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UK late 19th century–1910s.
- (dated, idiomatic, British slang) Any source or supplier of money.
- 1888 December 27, The Sportsman:
- It is a sad and weary time for many, for when the dustman, the man who blacks the boots, and he with the grog-blossom on his nose who does nothing but hold cab-doors open when nobody asks him to have all been paid, the oof bird takes unto itself wings and flies away.
- 1937 August 28, “The Oof-bird Feeds on Pennies”, in The Argus, page 36:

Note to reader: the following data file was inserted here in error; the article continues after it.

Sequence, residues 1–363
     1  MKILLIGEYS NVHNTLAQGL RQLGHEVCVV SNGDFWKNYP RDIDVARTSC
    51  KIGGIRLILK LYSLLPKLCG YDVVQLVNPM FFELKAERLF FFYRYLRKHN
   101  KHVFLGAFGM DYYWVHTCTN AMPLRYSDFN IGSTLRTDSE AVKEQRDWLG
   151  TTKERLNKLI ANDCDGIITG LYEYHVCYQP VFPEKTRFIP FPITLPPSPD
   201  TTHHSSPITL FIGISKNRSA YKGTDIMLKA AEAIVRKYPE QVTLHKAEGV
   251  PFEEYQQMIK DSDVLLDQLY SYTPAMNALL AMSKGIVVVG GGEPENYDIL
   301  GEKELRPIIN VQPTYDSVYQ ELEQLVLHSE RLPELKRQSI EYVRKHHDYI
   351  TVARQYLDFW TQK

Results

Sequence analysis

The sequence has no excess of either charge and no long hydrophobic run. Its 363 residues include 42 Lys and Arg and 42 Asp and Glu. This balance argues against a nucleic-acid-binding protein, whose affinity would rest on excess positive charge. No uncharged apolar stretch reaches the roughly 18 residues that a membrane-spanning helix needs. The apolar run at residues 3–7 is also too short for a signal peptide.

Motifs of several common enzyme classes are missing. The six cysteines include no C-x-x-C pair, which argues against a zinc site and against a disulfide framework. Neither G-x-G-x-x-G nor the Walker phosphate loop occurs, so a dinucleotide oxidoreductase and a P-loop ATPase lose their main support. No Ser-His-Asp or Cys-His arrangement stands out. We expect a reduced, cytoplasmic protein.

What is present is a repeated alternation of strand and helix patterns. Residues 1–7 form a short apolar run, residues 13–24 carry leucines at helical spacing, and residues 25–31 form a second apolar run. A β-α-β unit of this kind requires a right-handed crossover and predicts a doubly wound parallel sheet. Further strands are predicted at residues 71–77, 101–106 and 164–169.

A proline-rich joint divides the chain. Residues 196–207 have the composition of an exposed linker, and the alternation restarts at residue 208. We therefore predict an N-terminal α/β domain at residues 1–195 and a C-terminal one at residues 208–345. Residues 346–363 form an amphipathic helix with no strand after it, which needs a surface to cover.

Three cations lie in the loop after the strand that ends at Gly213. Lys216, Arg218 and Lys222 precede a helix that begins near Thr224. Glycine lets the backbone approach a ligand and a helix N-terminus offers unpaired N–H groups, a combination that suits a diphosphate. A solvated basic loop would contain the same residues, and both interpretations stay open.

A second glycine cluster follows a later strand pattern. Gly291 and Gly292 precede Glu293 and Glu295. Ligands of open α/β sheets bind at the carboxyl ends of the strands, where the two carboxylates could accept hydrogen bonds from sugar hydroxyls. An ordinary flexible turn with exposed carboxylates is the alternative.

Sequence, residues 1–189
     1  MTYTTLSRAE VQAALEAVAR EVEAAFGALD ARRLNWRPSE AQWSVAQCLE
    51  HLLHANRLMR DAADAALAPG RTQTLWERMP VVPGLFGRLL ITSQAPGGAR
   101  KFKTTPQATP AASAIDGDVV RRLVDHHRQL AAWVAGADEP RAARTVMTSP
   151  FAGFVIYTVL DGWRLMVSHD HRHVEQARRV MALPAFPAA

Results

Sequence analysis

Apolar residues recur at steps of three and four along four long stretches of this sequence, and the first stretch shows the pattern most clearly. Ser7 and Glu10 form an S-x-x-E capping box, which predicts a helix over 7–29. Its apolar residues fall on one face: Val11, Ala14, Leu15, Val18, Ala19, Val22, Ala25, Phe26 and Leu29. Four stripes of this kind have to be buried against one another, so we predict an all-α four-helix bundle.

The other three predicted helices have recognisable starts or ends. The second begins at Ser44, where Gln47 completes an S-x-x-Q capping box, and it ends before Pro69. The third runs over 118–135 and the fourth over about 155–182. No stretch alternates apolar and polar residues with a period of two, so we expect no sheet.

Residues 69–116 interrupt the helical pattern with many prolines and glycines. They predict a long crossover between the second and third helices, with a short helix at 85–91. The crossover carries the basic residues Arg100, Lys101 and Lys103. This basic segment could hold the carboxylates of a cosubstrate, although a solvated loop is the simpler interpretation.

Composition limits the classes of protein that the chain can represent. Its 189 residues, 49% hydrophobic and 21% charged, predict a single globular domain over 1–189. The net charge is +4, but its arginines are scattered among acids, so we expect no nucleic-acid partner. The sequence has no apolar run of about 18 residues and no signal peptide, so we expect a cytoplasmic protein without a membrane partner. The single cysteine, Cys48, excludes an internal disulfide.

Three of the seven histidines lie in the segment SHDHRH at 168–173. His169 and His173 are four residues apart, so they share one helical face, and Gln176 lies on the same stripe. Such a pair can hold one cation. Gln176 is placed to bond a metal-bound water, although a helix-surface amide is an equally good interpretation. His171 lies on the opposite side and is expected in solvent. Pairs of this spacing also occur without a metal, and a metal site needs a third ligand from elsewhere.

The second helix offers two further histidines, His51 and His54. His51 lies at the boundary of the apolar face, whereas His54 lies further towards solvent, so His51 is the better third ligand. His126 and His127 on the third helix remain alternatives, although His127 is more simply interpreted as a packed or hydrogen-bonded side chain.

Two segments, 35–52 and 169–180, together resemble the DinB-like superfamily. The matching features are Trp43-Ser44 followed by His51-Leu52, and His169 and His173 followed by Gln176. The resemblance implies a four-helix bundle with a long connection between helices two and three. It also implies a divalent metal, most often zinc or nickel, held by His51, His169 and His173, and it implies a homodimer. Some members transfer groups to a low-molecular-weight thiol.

- If you make an oof-bird and feed him properly all the time, you will grow rich.
- 2003, Van Wyk, Peter, “The Call to Monomotapa”, in Burnham: King of Scouts, page 65:
- "I guess you're attracted to Africa by the lure of the Oof bird," Gifford said eagerly smearing a layer of orange marmalade on thick bread roasted over the campfire.
- feathered oof-bird (“large source”)
- Farmer, John Stephen (1902) Slang and Its Analogues, volume 5, page 107